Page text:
Violating SC rules, matrimonial site sells love, marriage using Aadhaar data

The Supreme Court judgement in the Aadhaar case had struck down Section 57 of the Aadhaar Act which allowed sharing of data with private entities

Violating SC rules, matrimonial site sells love, marriage using Aadhaar data

Ashlin Mathew

In a clear violation of Supreme Court rules and privacy concerns, matrimonial sites are selling love and marriage using Aadhaar verification. A relatively newer website, Love Vivaah, is promising to help a person find the ideal life partner from over one million Aadhaar-verified profiles.

‘Love Vivaah’ claims to be the only platform that ensures a five-point verification of all new registered profiles. In this ‘genuine’ matrimonial site, users are required to give their Aadhaar card or Voter Id or PAN Card or Passport verification, with the preference being Aadhaar details. They specify that without giving this information the person would not be able to register with them. ‘Love Vivaah’ states that they are technologically driven, but they have forgotten that they are violating both the Aadhaar and privacy judgement.

Even the recent Aadhaar Amendment Bill allows for the Aadhaar data to be voluntarily used only in case of banks and telecom companies.

The Supreme Court judgement in the Aadhaar case had struck down Section 57 of the Aadhaar Act which allowed sharing of data with private entities. While striking it down, the Supreme court had stated Section 57 cannot be applied to permit commercial exploitation of the data of individuals or to affect their behavioural patterns. “Section 57 does not pass constitutional muster. It is manifestly arbitrary, suffers from over breadth and violates Article 14,” stated the Supreme Court.

All of this must be looked through the proportionality doctrine. The judgement in the Justice Puttuswamy vs Union of India case which concerns privacy, the ruling states “An invasion of life or personal liberty must meet the three-fold requirement of —legality, which postulates the existence of law; need, defined in terms of a legitimate state aim; and proportionality which ensures a rational nexus between the objects and the means adopted to achieve them.”

“Sharing your Aadhaar data involves a certain risk to one’s privacy. Proportionality implies that the risk to any fundamental rights is commensurate with the service being provided. If one were to apply this to ‘Love Vivaah’, then their use of Aadhaar data is illegal because it doesn't meet any of the proportionality conditions,” explains Raghu, who is a part of the Rethink Aadhaar campaign.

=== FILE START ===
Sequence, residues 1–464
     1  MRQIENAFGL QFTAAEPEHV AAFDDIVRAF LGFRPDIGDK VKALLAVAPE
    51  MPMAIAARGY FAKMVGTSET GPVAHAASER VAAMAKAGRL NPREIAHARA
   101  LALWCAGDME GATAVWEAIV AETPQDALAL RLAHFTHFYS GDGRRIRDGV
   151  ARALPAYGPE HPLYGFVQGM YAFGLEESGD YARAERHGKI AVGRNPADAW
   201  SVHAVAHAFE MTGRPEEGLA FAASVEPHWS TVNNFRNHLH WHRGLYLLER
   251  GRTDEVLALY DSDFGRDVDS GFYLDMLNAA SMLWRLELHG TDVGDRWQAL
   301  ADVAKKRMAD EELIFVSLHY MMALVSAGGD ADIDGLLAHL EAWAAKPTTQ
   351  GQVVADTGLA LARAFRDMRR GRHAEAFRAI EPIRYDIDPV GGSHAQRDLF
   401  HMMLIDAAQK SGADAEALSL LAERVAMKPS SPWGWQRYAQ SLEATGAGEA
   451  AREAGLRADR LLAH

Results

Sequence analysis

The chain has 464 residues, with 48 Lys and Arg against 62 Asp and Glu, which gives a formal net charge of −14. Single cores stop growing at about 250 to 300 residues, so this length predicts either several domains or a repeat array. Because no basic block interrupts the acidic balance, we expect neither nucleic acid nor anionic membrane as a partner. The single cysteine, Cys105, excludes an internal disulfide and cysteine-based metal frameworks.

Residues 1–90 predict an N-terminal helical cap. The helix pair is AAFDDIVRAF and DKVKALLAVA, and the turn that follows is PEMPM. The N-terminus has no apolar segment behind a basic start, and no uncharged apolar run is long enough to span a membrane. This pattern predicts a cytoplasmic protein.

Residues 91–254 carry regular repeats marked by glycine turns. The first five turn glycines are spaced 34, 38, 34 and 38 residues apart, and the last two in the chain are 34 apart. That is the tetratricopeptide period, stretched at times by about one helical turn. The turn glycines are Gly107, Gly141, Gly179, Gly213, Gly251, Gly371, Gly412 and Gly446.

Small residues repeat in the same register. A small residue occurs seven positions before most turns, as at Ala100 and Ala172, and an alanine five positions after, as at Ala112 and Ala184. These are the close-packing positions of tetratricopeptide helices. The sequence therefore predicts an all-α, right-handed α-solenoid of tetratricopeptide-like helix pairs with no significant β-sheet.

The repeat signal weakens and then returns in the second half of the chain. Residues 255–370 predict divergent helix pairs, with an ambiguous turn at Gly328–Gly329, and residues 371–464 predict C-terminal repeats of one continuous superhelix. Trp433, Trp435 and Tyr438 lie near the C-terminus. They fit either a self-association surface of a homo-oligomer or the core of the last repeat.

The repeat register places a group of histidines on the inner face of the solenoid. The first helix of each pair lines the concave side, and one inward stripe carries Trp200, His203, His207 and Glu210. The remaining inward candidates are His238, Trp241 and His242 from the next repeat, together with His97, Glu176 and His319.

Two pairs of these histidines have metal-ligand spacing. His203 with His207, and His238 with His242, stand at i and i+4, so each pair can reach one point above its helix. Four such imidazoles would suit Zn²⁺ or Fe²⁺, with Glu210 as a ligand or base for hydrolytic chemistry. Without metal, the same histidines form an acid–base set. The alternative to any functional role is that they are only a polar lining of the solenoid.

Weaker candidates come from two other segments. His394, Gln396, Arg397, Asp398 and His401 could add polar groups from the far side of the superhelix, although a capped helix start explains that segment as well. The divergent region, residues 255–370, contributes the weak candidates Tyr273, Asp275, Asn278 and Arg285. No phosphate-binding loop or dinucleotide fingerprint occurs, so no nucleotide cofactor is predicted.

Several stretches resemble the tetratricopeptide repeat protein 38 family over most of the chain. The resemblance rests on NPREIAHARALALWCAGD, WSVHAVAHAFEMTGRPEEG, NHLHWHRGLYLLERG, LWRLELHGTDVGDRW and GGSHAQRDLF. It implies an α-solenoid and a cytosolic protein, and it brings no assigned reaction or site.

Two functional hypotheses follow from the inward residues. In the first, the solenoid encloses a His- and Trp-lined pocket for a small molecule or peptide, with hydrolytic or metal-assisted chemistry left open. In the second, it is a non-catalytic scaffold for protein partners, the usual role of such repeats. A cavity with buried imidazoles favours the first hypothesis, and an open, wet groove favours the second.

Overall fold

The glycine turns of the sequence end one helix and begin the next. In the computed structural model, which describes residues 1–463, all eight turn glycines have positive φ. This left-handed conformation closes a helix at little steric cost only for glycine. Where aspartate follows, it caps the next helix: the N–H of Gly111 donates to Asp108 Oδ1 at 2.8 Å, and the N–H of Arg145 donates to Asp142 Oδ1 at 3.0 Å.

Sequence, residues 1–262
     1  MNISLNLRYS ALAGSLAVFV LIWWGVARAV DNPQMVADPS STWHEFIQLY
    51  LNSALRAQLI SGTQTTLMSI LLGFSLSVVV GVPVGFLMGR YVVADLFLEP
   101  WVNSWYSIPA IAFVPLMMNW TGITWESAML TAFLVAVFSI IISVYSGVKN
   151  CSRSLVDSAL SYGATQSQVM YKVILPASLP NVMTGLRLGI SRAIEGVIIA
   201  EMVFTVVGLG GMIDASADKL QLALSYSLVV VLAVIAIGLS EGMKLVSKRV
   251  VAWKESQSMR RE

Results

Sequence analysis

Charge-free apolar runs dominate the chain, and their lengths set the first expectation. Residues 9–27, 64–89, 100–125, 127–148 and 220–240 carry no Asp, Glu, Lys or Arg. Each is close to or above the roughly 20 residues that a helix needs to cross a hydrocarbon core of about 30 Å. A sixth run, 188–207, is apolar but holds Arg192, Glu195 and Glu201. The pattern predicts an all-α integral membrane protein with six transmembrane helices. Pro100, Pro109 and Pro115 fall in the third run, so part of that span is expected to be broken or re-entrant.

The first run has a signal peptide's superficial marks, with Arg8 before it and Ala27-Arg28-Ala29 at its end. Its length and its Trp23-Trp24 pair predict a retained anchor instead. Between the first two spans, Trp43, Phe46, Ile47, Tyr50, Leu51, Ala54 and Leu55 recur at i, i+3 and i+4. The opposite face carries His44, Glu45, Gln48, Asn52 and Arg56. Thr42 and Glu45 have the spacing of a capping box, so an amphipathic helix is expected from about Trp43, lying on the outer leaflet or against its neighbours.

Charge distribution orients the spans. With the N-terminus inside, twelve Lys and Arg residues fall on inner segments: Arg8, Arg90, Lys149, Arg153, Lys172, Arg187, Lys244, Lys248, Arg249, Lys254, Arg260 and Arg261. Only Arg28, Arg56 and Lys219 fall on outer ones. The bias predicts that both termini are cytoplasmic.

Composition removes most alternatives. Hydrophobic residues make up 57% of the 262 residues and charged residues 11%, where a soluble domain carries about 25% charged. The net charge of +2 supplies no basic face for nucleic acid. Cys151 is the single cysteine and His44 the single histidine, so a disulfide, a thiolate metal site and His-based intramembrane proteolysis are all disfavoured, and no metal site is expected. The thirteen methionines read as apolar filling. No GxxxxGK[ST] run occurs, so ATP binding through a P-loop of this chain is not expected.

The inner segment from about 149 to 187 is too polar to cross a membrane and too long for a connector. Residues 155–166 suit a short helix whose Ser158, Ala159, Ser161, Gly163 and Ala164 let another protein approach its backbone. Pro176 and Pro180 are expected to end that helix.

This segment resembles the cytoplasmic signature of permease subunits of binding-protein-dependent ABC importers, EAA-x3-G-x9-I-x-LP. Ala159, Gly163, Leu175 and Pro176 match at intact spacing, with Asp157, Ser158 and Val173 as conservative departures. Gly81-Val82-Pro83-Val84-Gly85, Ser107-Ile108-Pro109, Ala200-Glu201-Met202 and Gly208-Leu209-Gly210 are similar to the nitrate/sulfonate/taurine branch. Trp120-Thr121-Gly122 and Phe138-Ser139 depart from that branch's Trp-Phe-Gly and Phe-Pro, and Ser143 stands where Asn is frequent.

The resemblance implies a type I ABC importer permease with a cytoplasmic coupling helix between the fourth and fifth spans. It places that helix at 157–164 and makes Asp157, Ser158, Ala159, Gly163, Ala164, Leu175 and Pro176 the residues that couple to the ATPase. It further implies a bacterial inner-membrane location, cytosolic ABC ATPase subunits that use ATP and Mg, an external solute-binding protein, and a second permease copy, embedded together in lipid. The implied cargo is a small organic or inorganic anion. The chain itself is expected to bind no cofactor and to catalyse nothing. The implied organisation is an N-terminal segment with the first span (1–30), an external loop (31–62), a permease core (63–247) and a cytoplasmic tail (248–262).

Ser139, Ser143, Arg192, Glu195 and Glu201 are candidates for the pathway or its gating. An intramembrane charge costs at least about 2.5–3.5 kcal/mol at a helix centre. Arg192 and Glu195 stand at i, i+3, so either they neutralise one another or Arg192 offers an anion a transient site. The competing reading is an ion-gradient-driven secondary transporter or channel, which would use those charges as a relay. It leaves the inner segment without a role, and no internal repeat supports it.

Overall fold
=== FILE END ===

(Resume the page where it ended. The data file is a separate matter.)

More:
“Love Vivaah wants to use Aadhaar details for fraud detection but they will not agree that this data could be misused to actually create fraud. This data gets traded when the company gets acquired, merged or when they share this information with a third party to get background checks done on these people. It’s not that just because a person gives their Aadhaar number, the person is clean, they will need to do third party background checks to verify. This effectively means that the customer’s data will be given to third parties,” explains Srinivas Kodali, an independent researcher working on Aadhaar.

This information could be used in multiple ways. This is a marriage website, hence travel companies, jewellery firms or even life insurance companies could target you for everything related to the couple for and after marriage.

That is not all. Such websites are easy to hack using simple querying tools available online and once Aadhaar details are obtained, it is easy to find mobile numbers. We have seen countless times how the Aadhaar data can be used in phishing scams. They would call people posing as someone from the bank, UIDAI or any other office in order to get details and also the OTP,” explains Kodali.

Underscoring the illegality, Kodali points out that even though the use of such data is illegal, UIDAI and the government will not act on it because of the revenue they are expecting to get by selling such data.”

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